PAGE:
Below is a brief rundown of the different types of beer I tried during my visit last night. As you can see, I am not a huge fan of IPA: Nothing against them per se, it’s just personal preference that I don’t like hoppy, fruity tasting beer. I tended to concentrate on some of the stronger and darker types of beer which they had on offer and for the first two beers, I sampled two local craft beers from the Mainz/Wiesbaden area. So, here’s to the beers: Beer number 1, Kuehn, Kunz & Rosen Festland Bock from Mainz. A dark beer with a malty taste, which deviates slightly from the German purity law with its inclusion of tonic beans. Beer number 2, Wiesbaden Braumanufaktur Amber Ale. A red lager from my adopted home town with a hazelnut colour, malty taste with a hoppy nose. Beer number 3LaBierAtorium Alte Welt Ale (old world ale) from Brandenburg in eastern Germany. A hint of smokiness and with a bitter taste round off an all-round decent beer. Beer number 4, Faust Brauerei Winterfest Bier from Miltenberg in Lower Franconia, a beautiful setting surrounded by hills along the River Main. A classic example of a traditional brewery expanding into the craft scene whilst holding on heavily to its roots. Beer number 5, SuperFreunde Golden Pale Ale from Berlin’s trendy suburb of Friedrichshain. These guys are definitely part of the new start-up scene and are all about their brand. An easy-to-drink ale which would be perfect in summer. Beer number 6, Rheinhessen Bräu Winterbock, a delicious dark bock beer with a whiff of roasted malt, from a brewery set in the middle of the Rheinhessen vineyards. Beer number 7 and by far the best beer of the night was from Vulkan Brauerei Bourbon Barrel DoppelBock. This is really something special, a light-coloured bock beer which is matured in imported bourbon barrels from the US and is cooled in the world’s deepest beer cellar. Beer number 8 and my least favourite of the night was Sander Schockolator. This strong, chocolatey stout was disappointing, as I usually love these types of beer. However, I probably just picked the wrong choice as they have lots of variety in their portfolio and a well-established website. Beer number 9, an unusual but very nice Rye beer (Roggenbier) from Alzeyer Völker Bräu, which from their website and stand look like almost a one-man hobby project. Impressive stuff for such a small outfit. And finally to round off the night was beer number 10 which was a Ravenkraft Red Ale brewery in Nuremberg, in the heart of Franconia brewing country, a red lager similar in taste to beer number 2.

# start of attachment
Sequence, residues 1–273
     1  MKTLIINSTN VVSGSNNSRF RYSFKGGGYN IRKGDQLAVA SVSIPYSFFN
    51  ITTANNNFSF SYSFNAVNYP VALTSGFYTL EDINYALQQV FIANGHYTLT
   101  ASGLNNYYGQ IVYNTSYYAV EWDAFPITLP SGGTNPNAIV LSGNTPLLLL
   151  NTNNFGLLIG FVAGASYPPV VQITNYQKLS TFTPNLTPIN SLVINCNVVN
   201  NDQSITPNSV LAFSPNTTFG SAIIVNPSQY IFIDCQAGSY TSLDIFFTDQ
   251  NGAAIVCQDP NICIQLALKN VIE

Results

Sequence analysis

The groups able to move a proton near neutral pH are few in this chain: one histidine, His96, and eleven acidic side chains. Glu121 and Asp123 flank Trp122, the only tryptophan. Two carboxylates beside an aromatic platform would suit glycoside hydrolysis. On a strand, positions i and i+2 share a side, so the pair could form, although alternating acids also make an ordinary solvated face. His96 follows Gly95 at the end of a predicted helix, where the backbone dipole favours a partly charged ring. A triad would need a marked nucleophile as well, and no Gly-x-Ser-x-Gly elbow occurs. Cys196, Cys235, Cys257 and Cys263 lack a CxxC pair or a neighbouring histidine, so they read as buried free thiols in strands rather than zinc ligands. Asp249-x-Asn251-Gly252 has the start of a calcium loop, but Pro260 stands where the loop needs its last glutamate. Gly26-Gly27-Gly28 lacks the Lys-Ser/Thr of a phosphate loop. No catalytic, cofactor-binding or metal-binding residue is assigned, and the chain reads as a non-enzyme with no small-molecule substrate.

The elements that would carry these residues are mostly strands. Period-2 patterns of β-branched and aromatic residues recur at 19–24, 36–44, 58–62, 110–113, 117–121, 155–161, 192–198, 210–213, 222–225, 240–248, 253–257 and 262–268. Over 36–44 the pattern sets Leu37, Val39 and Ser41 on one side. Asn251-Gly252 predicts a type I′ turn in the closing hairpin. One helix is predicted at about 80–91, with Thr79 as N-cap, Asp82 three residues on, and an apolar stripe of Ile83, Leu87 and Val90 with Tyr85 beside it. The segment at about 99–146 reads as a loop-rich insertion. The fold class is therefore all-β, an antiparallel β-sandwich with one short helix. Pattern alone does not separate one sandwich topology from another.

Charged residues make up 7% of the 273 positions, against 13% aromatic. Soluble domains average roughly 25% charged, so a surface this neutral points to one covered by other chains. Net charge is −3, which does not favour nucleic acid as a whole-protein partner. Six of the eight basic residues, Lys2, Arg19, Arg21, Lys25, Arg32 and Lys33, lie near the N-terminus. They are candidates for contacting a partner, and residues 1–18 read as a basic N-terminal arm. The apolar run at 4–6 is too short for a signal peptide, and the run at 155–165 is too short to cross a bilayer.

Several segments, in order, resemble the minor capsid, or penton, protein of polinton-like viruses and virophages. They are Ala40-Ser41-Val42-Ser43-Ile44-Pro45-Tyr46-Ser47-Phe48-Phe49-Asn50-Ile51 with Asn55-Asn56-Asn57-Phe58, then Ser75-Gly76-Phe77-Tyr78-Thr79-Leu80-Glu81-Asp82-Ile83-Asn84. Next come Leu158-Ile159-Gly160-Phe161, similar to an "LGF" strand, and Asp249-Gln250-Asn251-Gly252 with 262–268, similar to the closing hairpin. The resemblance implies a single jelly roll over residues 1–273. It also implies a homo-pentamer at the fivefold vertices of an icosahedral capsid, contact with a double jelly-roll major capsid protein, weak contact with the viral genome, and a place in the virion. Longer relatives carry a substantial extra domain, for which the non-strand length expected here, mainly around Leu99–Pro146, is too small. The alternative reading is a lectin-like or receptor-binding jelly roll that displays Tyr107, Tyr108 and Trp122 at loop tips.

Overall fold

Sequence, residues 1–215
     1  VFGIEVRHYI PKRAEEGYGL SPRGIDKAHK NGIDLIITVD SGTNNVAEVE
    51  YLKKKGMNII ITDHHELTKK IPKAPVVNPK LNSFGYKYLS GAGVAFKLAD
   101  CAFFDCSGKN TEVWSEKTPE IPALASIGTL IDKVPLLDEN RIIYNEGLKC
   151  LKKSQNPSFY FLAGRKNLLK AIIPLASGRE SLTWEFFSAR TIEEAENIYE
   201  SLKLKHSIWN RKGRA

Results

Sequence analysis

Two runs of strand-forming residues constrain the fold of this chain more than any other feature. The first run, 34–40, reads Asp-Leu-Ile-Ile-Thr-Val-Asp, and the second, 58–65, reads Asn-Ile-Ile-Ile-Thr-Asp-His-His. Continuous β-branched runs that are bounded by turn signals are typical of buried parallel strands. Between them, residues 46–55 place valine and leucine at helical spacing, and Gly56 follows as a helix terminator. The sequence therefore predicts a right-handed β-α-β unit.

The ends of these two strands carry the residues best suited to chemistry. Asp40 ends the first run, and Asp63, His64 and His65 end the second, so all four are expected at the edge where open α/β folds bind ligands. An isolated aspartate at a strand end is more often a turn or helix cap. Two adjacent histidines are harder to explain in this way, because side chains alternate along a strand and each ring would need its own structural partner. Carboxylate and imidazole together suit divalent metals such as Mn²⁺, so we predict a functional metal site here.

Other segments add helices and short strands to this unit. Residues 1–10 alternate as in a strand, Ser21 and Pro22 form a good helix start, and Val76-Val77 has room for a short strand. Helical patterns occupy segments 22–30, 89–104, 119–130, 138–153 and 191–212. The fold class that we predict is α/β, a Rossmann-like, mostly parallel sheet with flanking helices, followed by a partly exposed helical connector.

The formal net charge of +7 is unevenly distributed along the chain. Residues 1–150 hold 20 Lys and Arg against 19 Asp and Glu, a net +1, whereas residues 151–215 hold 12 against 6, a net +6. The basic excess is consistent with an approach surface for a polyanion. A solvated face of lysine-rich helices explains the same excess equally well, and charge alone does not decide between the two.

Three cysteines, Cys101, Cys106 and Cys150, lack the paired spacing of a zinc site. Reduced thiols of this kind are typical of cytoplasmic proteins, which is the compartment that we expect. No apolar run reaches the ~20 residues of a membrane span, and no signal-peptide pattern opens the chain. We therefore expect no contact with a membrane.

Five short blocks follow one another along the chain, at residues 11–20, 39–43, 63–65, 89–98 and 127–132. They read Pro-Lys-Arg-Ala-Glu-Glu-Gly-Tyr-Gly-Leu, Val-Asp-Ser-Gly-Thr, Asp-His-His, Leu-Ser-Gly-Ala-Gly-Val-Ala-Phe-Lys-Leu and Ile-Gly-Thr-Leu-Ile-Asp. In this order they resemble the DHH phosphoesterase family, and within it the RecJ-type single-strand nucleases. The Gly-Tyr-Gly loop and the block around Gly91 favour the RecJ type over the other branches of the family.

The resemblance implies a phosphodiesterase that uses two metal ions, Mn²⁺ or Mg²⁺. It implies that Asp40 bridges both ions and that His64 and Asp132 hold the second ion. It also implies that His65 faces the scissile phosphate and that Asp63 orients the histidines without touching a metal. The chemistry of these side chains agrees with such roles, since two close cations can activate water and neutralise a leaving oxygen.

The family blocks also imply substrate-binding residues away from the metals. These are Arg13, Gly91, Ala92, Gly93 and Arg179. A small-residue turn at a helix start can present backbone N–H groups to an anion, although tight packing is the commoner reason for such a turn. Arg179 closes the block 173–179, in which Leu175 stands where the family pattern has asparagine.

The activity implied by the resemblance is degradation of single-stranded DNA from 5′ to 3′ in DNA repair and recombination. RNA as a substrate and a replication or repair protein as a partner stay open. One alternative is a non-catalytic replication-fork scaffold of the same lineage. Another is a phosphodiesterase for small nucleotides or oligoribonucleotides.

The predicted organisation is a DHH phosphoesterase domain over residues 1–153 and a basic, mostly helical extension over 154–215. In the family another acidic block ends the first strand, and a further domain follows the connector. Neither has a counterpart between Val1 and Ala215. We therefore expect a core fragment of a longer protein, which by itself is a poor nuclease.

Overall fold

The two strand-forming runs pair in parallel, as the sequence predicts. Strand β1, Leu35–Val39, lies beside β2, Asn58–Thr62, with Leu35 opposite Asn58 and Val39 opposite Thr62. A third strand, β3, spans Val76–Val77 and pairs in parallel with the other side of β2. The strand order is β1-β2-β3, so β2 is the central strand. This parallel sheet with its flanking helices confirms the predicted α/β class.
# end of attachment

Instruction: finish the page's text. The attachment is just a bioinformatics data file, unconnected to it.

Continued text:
Better To Have A Spoonful Of Gold…

If any of you are wondering how did I manage to drink 10 pints of strong, German craft beer, well…no, I’m not a Geordie rugby player. They gave out taster glasses upon entry and the measures typically were 0.1 litre to allow you to taste as many beers as possible. A good plan, and respect to the event organisers for laying on free water dispensers throughout the hall! We all made the S-Bahn home easily enough and even managed to resist the temptation of the kebab shop stop on the way home.